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Proceedings of the Colored People's Convention of the State of South Carolina, held in Zion Church, Charleston, November, 1865. Together with the declaration of rights and wrongs; an address to the people; a petition to the legislature, and a memorial to Congress.

1865SC-Charleston.26.pdf

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Current Saved Transcription [history]

ADDRESS

TO THE LEGISLATURE OF THE STATE OF SOUTH CAROLINA.

To the Honorable Senate and House of Representatives of the State of South Carolina in General Assembly Met :

GENTLEMEN: -- We, the colored people of the State of South Carolina, do hereby appeal to you for justice.

The last four years of war have made great changes in our condition and relation to each other, as well as in the laws and institutions of our State. We were previously either slaves, or, if free, still under the pressure of laws made in the interest and for the protection of slavery.

But the events of the past four years have destroyed this state of things. Our State has been called upon to remodel her Constitution from its very foundation and first principles; and, we have been, and still are, deeply affected by all these changes in interests of vital importance to us, we have resolved, in the Convention which we have called together to consider our interests, to petition your Honorable body for justice.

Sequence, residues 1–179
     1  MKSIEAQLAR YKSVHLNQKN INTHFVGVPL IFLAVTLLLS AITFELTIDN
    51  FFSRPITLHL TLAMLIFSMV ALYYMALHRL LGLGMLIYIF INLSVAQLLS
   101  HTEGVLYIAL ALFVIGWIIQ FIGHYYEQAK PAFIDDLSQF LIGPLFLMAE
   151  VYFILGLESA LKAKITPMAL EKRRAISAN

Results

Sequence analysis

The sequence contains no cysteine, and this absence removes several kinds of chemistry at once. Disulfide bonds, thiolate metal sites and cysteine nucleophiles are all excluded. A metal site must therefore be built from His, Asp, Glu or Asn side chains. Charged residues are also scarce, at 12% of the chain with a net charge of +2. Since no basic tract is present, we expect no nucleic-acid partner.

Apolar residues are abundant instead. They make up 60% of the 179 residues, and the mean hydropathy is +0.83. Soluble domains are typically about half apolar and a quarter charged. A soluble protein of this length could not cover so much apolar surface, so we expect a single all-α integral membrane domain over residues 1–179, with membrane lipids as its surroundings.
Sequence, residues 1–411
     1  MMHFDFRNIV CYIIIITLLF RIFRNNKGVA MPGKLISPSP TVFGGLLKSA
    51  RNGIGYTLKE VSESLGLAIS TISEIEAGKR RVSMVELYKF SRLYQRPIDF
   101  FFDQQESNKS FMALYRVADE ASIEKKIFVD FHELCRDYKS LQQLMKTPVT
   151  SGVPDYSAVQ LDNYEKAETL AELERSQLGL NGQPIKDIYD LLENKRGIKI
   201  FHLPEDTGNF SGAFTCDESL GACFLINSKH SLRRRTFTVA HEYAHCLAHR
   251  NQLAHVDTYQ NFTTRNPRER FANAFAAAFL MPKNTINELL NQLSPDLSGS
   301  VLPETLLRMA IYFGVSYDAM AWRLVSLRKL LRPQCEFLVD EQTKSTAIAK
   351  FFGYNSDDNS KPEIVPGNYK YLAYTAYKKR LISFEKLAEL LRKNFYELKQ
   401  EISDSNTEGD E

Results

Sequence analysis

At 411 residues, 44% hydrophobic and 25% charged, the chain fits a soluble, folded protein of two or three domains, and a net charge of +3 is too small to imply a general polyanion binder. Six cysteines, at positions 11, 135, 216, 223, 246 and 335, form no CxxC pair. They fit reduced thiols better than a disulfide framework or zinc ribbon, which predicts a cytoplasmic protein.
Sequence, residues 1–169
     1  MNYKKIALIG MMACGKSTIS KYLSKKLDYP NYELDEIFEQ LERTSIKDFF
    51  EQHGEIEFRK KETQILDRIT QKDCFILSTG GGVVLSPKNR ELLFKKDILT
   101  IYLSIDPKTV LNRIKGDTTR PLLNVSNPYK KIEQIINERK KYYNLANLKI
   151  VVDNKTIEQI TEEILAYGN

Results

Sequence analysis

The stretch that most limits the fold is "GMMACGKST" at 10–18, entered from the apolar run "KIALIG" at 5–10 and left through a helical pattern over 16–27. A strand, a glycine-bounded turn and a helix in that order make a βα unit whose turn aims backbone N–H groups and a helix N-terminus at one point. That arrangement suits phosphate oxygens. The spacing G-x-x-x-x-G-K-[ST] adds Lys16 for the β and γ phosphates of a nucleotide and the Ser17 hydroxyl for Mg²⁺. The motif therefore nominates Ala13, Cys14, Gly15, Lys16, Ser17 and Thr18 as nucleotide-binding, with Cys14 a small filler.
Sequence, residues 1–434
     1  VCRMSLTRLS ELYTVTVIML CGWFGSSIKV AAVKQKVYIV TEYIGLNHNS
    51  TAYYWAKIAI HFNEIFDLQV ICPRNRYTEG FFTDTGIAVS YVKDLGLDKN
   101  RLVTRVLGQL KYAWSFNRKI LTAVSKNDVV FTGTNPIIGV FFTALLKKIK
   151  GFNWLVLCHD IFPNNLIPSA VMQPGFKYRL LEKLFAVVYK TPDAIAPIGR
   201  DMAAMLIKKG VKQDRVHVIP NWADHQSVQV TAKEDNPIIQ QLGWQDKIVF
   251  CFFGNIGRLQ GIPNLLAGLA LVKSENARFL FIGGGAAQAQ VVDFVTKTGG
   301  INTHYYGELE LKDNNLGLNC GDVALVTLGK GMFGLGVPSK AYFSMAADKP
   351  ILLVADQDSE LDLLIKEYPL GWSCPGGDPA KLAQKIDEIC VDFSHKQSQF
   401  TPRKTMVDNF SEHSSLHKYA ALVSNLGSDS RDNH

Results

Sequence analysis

We ask that those laws that have been enacted, that apply to us on account of our color, be repealed. We do not presume to dictate to you, gentlemen; but we appeal to your own instincts of justice and generosity. Why should we suffer on account of the color that an all-wise Creator has given us? Is it possible that the only reason for enacting stringent and oppressive laws for us is because our color is of a darker hue?

We feel assured, gentlemen, that no valid reason can exist for the enactment and perpetuation of laws that have peculiar application us.

We are now free. We are all free. But we are still, gentlemen, to a certain extent in your power; and we need not assure you with what deep concern we are watching all you deliberations, but especially those that have peculiar reference to us.

We would ask your Honorable body for the right of suffrage and the right of testifying in courts of law. These two things we deem necessary to our welfare and elevation. They are the rights of every freeman, and are inherent and essential to every republican form of government.

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